Technological marvels—computers, the internet, and social media—have connected the world and created possibilities and opportunities scarcely imaginable a few decades ago. But this high-tech landscape can be challenging, even for those in the most well-connected and well-funded communities. How do those on the other side of the digital divide—in poor and isolated areas—acquire the necessary tech skills and knowledge?
Understanding this potential, Sehgal Foundation created a digital literacy training and life-skills education program in 2006 for children in government schools, which has steadily expanded with support of our philanthropic partners. Digital literacy training in smart classrooms is a key component of Sehgal Foundation’s Transform Lives one school at a time program, which has made a positive difference and created a brighter future for thousands of rural schoolchildren, especially girls, and continues to expand to more and more villages.
Teaching digital literacy in a poor, rural setting is a complex process. Working closely with the community, the foundation teams draw on years of experience to overcome obstacles involving connectivity, infrastructure deficiencies, and cultural limitations to put together a practical, robust curriculum taught by hand-picked, tech-savvy local residents.
Students who have completed the course have used their newfound skills to access government services, assist in village projects, seek out opportunities for themselves, their families, and fellow residents, and to simply explore and enjoy the online world that many of us take for granted. Students report being more self-confident and motivated to pursue avenues that had previously been closed to them.
When the COVID-19 outbreak hit, nearly everything in these villages, including education, ground to a halt. Despite being sparsely populated, rural areas have faced unique challenges during the pandemic because of poverty and an overall lack of support compared to their urban counterparts. Even charging a mobile phone can be tricky. Acting on the urgency felt by students and instructors of the digital literacy classes, the Sehgal Foundation team devised a way to arrange online classes, made possible by students using an older family member’s smartphones at home or sharing a device while outdoors in small, socially distanced groups. By the end of the spring session, eighty-five students in district Alwar and fifty-three in district Nuh successfully completed the digital literacy training course.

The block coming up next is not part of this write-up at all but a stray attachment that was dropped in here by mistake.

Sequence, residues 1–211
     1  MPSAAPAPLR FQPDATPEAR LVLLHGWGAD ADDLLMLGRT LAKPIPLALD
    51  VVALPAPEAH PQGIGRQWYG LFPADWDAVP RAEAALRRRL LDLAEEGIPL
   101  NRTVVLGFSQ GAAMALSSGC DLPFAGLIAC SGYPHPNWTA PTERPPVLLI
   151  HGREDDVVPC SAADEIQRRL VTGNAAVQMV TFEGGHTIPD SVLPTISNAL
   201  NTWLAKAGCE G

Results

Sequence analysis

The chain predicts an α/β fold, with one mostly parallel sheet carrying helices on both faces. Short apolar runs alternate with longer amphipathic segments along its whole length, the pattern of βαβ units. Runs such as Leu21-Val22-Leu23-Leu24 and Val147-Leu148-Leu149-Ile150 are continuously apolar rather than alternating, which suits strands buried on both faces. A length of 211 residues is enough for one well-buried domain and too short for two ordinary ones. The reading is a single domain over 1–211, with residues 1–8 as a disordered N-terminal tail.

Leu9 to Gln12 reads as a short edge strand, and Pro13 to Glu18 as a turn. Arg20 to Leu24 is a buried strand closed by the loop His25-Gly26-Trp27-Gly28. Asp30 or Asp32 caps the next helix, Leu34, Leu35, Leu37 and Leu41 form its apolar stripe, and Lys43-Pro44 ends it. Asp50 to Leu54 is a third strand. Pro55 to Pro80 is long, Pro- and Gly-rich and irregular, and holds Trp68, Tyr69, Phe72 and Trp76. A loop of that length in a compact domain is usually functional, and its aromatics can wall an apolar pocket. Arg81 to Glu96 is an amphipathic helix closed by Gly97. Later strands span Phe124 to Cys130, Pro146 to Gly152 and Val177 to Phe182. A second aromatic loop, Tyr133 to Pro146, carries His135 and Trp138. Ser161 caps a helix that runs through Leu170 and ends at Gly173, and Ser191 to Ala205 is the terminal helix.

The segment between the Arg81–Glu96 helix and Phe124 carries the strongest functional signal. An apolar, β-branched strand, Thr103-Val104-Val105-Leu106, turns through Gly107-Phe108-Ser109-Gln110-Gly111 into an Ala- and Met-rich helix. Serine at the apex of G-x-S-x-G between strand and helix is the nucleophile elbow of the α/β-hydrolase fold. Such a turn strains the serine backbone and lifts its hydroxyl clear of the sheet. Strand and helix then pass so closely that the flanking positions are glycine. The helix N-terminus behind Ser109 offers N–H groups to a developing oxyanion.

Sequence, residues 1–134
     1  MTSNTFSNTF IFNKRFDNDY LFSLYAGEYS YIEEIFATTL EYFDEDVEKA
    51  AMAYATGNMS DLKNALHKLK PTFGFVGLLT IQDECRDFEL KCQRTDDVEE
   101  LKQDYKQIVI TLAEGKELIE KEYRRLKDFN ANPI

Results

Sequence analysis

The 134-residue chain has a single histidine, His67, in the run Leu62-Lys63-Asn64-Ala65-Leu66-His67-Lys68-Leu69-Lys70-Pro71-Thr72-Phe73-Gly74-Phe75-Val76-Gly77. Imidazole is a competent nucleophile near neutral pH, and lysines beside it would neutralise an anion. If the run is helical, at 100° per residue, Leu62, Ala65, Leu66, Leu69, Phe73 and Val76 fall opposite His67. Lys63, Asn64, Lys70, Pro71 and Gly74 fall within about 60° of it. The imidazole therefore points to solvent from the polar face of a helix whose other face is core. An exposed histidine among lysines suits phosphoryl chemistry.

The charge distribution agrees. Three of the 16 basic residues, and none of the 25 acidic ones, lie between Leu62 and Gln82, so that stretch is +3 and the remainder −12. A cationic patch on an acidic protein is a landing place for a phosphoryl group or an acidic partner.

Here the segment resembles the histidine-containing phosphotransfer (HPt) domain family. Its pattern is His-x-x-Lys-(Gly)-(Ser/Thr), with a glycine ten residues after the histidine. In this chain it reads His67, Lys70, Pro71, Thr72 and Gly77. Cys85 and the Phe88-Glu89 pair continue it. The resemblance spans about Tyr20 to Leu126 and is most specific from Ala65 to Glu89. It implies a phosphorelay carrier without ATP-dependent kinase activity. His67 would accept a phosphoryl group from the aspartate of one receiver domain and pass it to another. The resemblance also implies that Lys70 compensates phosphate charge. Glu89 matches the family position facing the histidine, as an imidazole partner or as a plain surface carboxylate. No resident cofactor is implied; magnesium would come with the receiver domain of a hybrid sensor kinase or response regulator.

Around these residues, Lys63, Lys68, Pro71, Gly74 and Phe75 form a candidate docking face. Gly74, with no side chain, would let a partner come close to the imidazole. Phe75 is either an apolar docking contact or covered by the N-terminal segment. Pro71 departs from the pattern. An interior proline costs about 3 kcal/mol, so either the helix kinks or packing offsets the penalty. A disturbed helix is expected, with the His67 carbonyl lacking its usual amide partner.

Where there is a will, there is a way.
Many families in the US and around the world are struggling with remote working and schooling, but for Priyanka, a young girl of Nadoti block of district Alwar, attending digital literacy classes was no less than a battle won. Her parents used their meager agricultural earnings to pay for her education and that of her two younger siblings, leaving nothing to spare. Priyanka’s mother, believing education is the key to do well in life, was determined to let Priyanka continue in the program, despite not having a smartphone in the family. When Priyanka heard about online digital classes, she immediately got in touch with neighborhood friends and arranged to attend classes with them, sitting apart with one shared smartphone in the middle. “There were instances when the parents sat beside their children to see what was being taught,” remarked one instructor.
Digital literacy trainers recorded the audio lessons for radio broadcast. Digital audio-modules, called Udaan (flight), were made available to a mass audience through Sehgal Foundation’s community radio Alfaz-e-Mewat in Nuh and to community radio Alwar Ki Awaaz (an initiative of Sunrise University).
Even in the face of the disruption of a global pandemic, the determination shown by the students, parents, instructors, and Sehgal Foundation teams kept the dream of digital literacy alive in these communities. Many more kids like Priyanka will no doubt continue to face hurdles to learning, but thanks to Sehgal Foundation’s philanthropic partners and teams on the ground, and more and more young lives will continue to be transformed and prepared for a better future.